(Long Island, N.Y.) Being voted as one of the starting nine in the All-Star Game is a huge honor. The Mid-Summer Classic allows the fans to show who they want to see every summer playing for their respective league, and with the added incentive of home field advantage in the World Series since 2003.
But there are incidents where the best player loses out to someone else, as seemed to be the case with shortstop in the National League. Troy Tulowitzki of the Colorado Rockies led Jose Reyes by over 200,000 votes, even though the New York Mets leadoff hitter’s statistics were higher by a large margin. As odd as that may seem, Terry Collins had a theory.
“As we all know, it’s a popularity contest,” the Mets manager told reporters recently. “It’s who comes to the ballparks and who’s voting, really.”
With the Fourth of July weekend approaching, Tulowitzki was batting .271 with 15 home runs, 53 RBI, 18 doubles, 2 triples, 42 runs scored and 6 stolen bases. Sounds like nice numbers, but they paled in comparison to Reyes, who is having the most productive season of his career in his walk year. A .352 average, 3 home runs, 32 RBI, 22 doubles, 15 triples, 65 runs and 30 steals should make him the runaway favorite, but that isn’t always the case.
“We get to see him every day,” Collins added. “In our opinion, he should be the leader, without question. If he’s not on the team somehow, some way, there needs to be a way to change the rules.”
Reyes closed the gap those last few days before the Mets fans came out in full force and stuffed the proverbial ballot box. When the rosters were announced on Sunday, Reyes not only won but also did so by 800,000 votes. Having the option of voting online up to 25 times per person apparently worked for the right reasons in this case.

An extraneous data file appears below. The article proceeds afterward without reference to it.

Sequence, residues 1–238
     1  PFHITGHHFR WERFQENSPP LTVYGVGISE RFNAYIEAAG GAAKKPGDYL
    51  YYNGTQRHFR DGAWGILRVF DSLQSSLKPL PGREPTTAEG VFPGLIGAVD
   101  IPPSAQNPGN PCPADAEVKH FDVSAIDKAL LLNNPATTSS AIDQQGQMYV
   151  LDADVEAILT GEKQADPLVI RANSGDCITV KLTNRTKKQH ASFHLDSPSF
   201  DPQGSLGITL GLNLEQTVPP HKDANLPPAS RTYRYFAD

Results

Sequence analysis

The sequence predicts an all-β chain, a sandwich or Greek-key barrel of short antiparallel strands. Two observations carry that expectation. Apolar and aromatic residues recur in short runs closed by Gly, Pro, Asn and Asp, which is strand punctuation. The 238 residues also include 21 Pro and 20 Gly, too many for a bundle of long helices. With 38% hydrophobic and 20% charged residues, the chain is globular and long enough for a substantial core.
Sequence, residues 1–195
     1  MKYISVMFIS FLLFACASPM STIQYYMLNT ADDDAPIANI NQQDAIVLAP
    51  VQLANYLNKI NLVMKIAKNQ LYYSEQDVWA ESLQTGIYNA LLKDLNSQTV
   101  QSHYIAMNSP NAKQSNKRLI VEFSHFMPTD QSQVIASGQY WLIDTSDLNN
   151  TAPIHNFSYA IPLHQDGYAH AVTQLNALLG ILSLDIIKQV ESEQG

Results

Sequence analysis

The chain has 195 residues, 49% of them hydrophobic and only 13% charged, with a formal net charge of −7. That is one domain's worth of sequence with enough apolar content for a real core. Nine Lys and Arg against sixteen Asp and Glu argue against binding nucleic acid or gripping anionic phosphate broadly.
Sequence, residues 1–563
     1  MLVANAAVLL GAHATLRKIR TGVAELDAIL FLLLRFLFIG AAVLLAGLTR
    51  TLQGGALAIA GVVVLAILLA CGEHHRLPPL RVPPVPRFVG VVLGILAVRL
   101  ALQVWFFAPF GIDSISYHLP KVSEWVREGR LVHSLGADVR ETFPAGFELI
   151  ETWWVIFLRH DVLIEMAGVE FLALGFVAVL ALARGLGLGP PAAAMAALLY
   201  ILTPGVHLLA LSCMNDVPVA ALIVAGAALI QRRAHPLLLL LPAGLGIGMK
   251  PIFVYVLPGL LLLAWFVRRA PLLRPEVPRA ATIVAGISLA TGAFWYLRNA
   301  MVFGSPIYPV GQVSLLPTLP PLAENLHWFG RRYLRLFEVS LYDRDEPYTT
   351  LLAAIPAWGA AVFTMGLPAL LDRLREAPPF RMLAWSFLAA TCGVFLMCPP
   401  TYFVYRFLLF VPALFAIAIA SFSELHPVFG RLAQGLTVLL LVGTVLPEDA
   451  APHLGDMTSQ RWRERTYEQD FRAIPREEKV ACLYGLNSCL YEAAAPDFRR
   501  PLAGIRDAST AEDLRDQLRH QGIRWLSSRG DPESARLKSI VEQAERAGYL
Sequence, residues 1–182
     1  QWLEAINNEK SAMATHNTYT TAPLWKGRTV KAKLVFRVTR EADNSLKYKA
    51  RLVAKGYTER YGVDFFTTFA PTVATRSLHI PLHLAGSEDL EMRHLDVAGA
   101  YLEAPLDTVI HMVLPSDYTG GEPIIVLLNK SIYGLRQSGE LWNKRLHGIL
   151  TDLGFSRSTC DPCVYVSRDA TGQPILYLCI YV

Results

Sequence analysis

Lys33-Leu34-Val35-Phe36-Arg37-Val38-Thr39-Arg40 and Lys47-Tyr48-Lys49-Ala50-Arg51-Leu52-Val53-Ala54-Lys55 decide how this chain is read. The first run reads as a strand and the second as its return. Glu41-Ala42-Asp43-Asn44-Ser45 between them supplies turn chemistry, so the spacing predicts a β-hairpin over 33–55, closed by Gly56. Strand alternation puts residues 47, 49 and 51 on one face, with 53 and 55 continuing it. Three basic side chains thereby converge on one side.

So Reyes leading the league in four separate offensive categories (batting average, hits, multiple-hit games and runs scored) was rewarded correctly but an injured left hamstring may keep him from hearing his name announced last in the pre-game introductions on July 12 at Chase Field in Phoenix, Arizona.
During the second inning of Saturday’s 5-2 loss to the Yankees, Reyes felt tightness in his leg and was removed from the game. He underwent an MRI exam and a Grade 1 strain was the result. He has missed the last few games and the team will have decide on whether he’s healthy enough to play in the Mid-Summer Classic.
But even if he has to sit that one out, Reyes’ being voted the National League starter proves that the system, while not a perfect one, does come out right most of the time. Years ago when you had to punch a hole on an All-Star ballot and deposit it in a box at the ballpark, the stadiums with the most sellouts usually had a good number of their players on the squad. Major League Baseball is doing the best they can by making it easier to cast your vote and not have one person fill out cards all game long.
The starters aren’t always the most deserving, but in the case of Jose Reyes, a no-brainer was nearly lost.